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DevOps Concepts: Bake vs Fry 1

Part 1: Configuration Methods during the Iron Age

A common term in operations from the Iron Age to the Cloud Age is bake vs. fry. These are competing approaches for configuring systems.

  1. The Cloud Age (Virtualization)
  2. The Cloud Age (Containers)

The Iron Age

Before the rise of popular cloud platforms and virtualization, enterprises built their own data centers using hardware (iron). During this age, enterprises managed large consolidated centralized servers and fleets of client systems, sometimes called workstations (desktop or laptop).

Baking Client Systems

Managing fleets of client systems was expensive, so baking became popular method to manage client systems. An enterprise would bake a standard corporate image and through a process called imaging, replace the existing system with the corporate image.

The Golden Image Problem

For servers, this was not as popular, because imaging technologies at this time was slow, and there was the infamous Golden Image problem: numerous combinations of configurations leads to maintaining a large image library.

Frying on Iron Servers

Though the golden image problem made baking undesirable for servers, there was still a great need to for automation. This arrived through provisioning systems like JumpStart for SunOS (1994), Anaconda on RedHat Enterprise Linux (1999) and FAI (Fully Automatic Installation) with Debian. Similar to imaging solutions, network booting process was also used for provisioning systems.

Change Configuration

Eventually a system will have its configuration drift away from the base line or the desired state. Changing the system back to the desired state was very expensive and risky, but leaving a system out of alignment was also risky.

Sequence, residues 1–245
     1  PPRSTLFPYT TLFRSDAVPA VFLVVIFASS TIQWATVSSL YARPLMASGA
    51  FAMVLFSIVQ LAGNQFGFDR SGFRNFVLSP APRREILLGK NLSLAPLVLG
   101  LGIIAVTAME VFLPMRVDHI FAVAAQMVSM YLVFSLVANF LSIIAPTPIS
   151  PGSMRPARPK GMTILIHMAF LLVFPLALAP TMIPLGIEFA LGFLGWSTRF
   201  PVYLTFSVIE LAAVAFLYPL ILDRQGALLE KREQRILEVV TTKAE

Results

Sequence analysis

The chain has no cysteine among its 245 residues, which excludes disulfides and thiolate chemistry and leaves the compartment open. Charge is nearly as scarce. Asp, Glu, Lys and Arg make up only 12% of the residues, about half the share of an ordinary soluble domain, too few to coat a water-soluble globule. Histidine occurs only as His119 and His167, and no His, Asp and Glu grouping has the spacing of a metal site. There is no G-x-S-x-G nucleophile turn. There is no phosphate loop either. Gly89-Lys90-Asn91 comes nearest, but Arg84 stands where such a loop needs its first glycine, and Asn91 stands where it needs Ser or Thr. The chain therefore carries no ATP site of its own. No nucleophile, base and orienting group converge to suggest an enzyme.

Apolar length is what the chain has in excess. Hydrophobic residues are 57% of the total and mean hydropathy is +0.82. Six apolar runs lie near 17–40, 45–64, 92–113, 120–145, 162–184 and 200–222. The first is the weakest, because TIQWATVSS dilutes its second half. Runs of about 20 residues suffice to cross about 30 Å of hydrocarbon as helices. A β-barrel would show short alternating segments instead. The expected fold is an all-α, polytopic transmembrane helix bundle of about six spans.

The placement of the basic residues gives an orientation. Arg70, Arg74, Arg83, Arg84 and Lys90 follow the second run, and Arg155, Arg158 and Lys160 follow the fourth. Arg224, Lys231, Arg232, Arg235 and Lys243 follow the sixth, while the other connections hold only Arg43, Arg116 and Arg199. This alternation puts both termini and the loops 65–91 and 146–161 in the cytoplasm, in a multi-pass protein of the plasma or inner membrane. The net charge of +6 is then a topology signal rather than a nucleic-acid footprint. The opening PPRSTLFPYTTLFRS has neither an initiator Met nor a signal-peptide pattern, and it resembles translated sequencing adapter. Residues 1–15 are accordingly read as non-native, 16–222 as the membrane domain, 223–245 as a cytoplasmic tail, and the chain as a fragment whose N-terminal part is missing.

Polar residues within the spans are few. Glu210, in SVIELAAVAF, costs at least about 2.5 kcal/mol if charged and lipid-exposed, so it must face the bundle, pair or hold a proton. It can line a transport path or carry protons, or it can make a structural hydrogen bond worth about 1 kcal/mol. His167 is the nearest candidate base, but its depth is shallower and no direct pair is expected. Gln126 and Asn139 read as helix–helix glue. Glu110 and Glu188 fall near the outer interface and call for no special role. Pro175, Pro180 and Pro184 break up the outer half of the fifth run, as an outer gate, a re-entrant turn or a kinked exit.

Rise of Virtualization

As virtualization became more mainstream, we saw a shift from single consolidated servers to numerous virtual systems on the same hardware box.

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  • Mixed Approach usually installs and change configuration agent launch, then afterward converge the configuration to the desired state.
  • Change Configuration will converge the configuration to the to desired state after the system is launched.

Deploying Applications

The application, such as SaaS web services, is the one component that is often updated on a system frequently. Installing a new versions of the application is called deployment.

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Frying with Push or Pull
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Pull Deploy using Change Configuration
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Push Deploy using Orchestration Tool

Push Deploy or Pull Deploy?

So… which one is better? Push Deploy or Pull Deploy? Well… that depends.

Zero Configuration with Discovery

Wouldn’t it be great if you didn’t need to configure your applications? The applications could just discover the configuration, such as address of database server and then configure themselves? Well that is actually possible with service discovery.

  • AirBnB Smart Stack (2012): service discovery, key-value store, health checking
  • CoreOS Etcd (2013): service discovery, key-value store, events
  • Hashicorp Serf (2013): node discovery, group membership, failure detection, events
  • Hashicorp Consul (2014): service discovery, key-value store, health checking
  • Consul-Template: query either Consul or Vault to apply templates and configure systems, frying.

Conclusion

There you have it, numerous applications of frying and baking for the Iron Age. Despite the allure of cloud virtualization IaaS platforms, like AWS (2006), Google Cloud (2008), and Azure (2010), running a data center on your own hardware is still quite popular in the industry.

Next Article

References

Iron Age vs Cloud Age

Change Configuration Topics

Deployment and Orchestration

Service Discovery

Written by

Linux NinjaPants Automation Engineering Mutant — exploring DevOps, Kubernetes, CNI, IAC

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